How far should school testing systems go to ensure students aren’t cheating on state tests?
The Smarter Balanced Assessment Consortium, the organization responsible for the state tests Washington students began taking this month, published a memo during last year’s field testing of the new assessments.
It urged educators to be vigilant about possible test “security breaches” on social media.
Last year’s memo suggested that kids be invited to join school Facebook pages or follow school Twitter accounts. It suggested asking students who join school Twitter accounts for their Twitter user names, and searching the news feeds and photo galleries of students with public Facebook pages for possible leaks.
Digital Access for only $0.99
For the most comprehensive local coverage, subscribe today.
Educators were asked to search for computer screen images showing test items, or photos taken inside testing rooms — including student-testing selfies.
This year, SBAC has softened its guidance. But it hasn’t abandoned social media watchdog efforts.
The organization, based at UCLA, said it will have college student clerks and an SBAC communications specialist monitor social media Mondays through Fridays only, from 6 a.m.-5 p.m. They will be looking for hashtags such as #smarterbalanced or #commoncore that might clue them in about relevant postings.
If they spot test questions being posted by students on public accounts, they will contact the state education agency.
State officials will then be advised to contact the student’s school. Schools will get in touch with parents and students and deal with the situation according to their disciplinary rules, requesting that students remove test item postings.
SBAC deputy director Luci Willits said she’s too new to the organization to know whether this year’s strategy refinement came about as a result of complaints from last year’s field testers.
“That is not our policy now,” she said of the field test security memo.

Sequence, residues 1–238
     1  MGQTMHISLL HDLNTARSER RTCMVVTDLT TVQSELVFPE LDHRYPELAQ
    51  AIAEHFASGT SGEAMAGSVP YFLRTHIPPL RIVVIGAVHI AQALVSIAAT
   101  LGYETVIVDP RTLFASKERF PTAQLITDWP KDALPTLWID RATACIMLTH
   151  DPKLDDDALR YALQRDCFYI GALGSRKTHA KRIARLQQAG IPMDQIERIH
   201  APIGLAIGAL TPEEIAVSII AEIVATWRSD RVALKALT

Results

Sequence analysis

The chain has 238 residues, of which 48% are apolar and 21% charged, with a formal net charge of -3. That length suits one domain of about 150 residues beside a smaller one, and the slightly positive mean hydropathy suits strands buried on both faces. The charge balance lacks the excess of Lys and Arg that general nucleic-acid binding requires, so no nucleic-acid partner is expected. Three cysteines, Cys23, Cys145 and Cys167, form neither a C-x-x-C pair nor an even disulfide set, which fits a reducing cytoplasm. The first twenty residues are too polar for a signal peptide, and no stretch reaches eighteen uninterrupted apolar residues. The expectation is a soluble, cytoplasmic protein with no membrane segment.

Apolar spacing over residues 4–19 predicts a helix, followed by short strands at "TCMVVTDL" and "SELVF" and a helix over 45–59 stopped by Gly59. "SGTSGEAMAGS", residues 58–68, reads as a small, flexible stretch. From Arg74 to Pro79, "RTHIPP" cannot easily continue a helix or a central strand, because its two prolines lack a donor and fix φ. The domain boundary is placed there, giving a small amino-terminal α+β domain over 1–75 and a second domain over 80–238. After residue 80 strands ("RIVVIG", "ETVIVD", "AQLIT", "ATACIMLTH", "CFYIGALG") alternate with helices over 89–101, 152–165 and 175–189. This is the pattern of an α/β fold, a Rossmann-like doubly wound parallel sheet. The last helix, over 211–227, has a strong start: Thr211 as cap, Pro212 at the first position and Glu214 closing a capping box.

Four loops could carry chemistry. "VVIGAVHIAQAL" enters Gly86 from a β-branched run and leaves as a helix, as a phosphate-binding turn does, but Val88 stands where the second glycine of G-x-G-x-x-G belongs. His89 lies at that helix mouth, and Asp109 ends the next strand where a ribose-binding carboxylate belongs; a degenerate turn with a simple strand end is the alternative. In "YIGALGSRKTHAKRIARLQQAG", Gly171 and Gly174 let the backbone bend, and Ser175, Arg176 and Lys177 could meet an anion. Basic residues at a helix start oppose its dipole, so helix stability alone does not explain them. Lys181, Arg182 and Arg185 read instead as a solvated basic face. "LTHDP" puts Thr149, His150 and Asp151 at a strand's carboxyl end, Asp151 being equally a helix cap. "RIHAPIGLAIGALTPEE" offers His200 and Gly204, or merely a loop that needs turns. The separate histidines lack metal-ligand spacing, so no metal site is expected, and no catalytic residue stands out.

Washington testing director Robin Munson said the state did not follow the SBAC memo urging social media monitoring during last year’s field test. And she said the state has been silent on the subject this year as well.
Tacoma Public Schools did not participate in last year’s field testing of the new tests. Patrick Cummings, director of research and evaluation for the district, said he has not asked Tacoma teachers to look at students’ social media accounts.
Rather, he said, “the big issue is smart phones.” He said that each year during state testing, a few students are usually caught texting. He said teachers are instructed to ask to check the phone to ensure the student hasn’t captured a picture of a test question.
Cummings said the district has never had a student test invalidated due to a security violation.
Test security is important to maintaining the integrity of the test, according to SBAC. If students post test items online, those items may have to be removed from future tests.
“If a student has an open social media account and is posting test questions, they are hurting other students by not allowing them to have an authentic testing experience,” Willits said.
She said that if teachers spot students using cellphones during a test, they should take away the device.
Willits said about 4 million students nationwide participated in last year’s field tests of the Smarter Balanced assessment. She said about 75 instances of security breaches were reported.
This year, she said, the number is lower. But testing is not yet complete for the year.
Munson also said there have been few, if any alerts, with the start of testing in Washington.